If healthy, there is no reason Mickelson can’t contend again in Augusta, but if he can’t reclaim the putting touch he displayed for much of last year, a painless swing isn’t likely to produce a fourth Masters victory.
In addition to being mostly big hitters, Masters champions since 2003 have largely been players who had not won a major previously. Mickelson, whose Masters victory in 2004 was his first major, and Woods have skewed the numbers but the only other player to have won a major prior to the Masters during that time frame was Angel Cabrera, who only makes an appearance on leader boards in the U.S. in majors, usually at Augusta National.
At the top of the list of players yet to win a major who best fit the recent profile of Masters champions is Dustin Johnson, who had one shot at a Grand Slam title taken away from him and kicked away another.
If healthy, Day would be possibly be number one, but his injured thumb seems likely to interrupt his recent run as a frequent major challenger. If he had not convinced himself that a major title is not in his future, Sergio Garcia would be a strong possibility, but no European has won in Augusta since 1999 after winning more than half the Masters in the ‘80s and ‘90s.
The player most likely to end that streak is McIlroy, one of just a handful of players with multiple recent majors. His track record at Augusta is not particularly stellar with the exception of the first three rounds in 2011. Augusta National is well-suited to his style of play, at least tee to green, and he will figure the course out at some point, likely sooner than later.
Other than maybe Henrik Stenson, the other most prominent European players are not in the Scott-Watson-Cabrera mold, and would likely need an assist from the weather to produce a higher winning score, a la Zach Johnson.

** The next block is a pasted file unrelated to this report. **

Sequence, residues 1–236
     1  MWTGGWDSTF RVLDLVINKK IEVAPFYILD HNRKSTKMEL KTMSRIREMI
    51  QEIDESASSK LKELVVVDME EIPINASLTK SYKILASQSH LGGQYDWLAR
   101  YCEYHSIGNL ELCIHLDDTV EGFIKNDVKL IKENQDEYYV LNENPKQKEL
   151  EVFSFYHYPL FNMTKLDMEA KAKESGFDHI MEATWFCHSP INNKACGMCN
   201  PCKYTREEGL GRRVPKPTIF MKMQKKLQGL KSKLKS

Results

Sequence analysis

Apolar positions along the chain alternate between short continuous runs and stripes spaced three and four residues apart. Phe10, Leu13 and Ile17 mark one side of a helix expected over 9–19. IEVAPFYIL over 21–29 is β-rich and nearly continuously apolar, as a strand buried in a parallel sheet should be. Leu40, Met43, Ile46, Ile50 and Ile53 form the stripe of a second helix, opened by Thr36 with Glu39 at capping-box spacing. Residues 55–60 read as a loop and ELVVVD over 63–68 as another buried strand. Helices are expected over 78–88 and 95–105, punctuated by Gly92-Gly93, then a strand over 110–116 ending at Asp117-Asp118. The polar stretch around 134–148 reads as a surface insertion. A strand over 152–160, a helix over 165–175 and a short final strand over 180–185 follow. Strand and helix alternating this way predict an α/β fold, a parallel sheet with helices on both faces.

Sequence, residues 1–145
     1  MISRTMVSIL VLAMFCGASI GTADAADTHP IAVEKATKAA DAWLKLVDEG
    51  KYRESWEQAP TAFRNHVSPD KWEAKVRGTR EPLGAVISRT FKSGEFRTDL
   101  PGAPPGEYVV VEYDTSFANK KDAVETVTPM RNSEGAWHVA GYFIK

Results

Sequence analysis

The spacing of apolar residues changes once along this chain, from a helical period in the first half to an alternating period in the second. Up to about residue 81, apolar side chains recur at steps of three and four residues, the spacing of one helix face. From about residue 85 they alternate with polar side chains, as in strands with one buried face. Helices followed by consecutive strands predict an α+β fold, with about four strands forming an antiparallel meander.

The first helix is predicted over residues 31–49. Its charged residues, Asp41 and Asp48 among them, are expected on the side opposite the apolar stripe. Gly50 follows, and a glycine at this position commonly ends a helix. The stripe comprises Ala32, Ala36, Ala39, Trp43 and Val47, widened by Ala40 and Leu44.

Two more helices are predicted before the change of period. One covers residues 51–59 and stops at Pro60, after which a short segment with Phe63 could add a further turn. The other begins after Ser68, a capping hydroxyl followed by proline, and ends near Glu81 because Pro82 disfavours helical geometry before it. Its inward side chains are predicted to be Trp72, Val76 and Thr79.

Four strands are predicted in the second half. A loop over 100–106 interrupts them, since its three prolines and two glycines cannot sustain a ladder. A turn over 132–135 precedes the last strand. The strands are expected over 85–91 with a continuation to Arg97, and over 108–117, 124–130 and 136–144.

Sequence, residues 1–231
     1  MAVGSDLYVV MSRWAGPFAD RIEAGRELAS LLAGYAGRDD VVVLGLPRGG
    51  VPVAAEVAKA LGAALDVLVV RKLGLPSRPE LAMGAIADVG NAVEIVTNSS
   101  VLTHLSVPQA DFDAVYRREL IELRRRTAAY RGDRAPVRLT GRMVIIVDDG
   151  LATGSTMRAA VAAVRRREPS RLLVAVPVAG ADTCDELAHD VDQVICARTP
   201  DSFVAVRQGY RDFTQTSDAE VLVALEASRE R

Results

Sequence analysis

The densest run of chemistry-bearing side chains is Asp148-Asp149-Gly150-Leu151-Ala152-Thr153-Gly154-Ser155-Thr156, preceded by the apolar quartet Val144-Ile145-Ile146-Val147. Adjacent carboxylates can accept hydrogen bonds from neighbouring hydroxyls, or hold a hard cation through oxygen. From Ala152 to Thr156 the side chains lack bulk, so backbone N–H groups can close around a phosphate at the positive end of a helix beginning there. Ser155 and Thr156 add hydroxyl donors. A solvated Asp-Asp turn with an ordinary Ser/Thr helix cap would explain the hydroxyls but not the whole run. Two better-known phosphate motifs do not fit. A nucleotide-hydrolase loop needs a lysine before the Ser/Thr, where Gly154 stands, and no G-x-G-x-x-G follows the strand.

The 2013-14 PGA Tour season has certainly taken a turn in the direction of the young and previously obscure, and that could certainly continue in Augusta, although the obscure part (Jimmy Walker) is a stretch.
The two youngsters who will receive most attention going into the tournament are Patrick Reed and Harris English, who have five PGA Tour victories between them in the last nine months, but are both Masters rookies. Jordan Spieth is also playing his first Masters, but is still developing the temperament required to handle the ups and downs of major tournament contention.
Based on current form and recent Masters record, Matt Kuchar will be on the short list of favorites, particularly with the questions surrounding most of the 10 players ahead of him in the world rankings.
Kuchar does not have the length of most of the recent Masters champions, but a deadly wedge game and a hot putter can compensate, as both Weir and Zach Johnson demonstrated.
Unlike tennis, where you can narrow down the list of likely major champions to as handful of names, there are at least two or three dozen players who would not raise eyebrows if they won the Masters, or one of the other majors.
Scott, McIlroy and Kuchar may be the most likely trio of potential champions, with Day and Mickelson removed from that group due to health concerns. His record at Augusta National aside, McIlroy has the fewest marks against him, but does not engender real confidence in the role of favorite.
At this stage, Scott is probably the game’s best player. But if he’s going to win the Masters, he needs to avoid building a seemingly comfortable lead.
The one thing that is a near certainty is the likelihood of another thrilling finish on Sunday. The last five Masters have included three playoffs and two sensational finishes by the winner, and there’s no reason not to expect that string to extend to six in row.
Unless McIlroy channels his two major championship victories and resumes his pursuit of the No.1 ranking and a mantle full of Grand Slam trophies.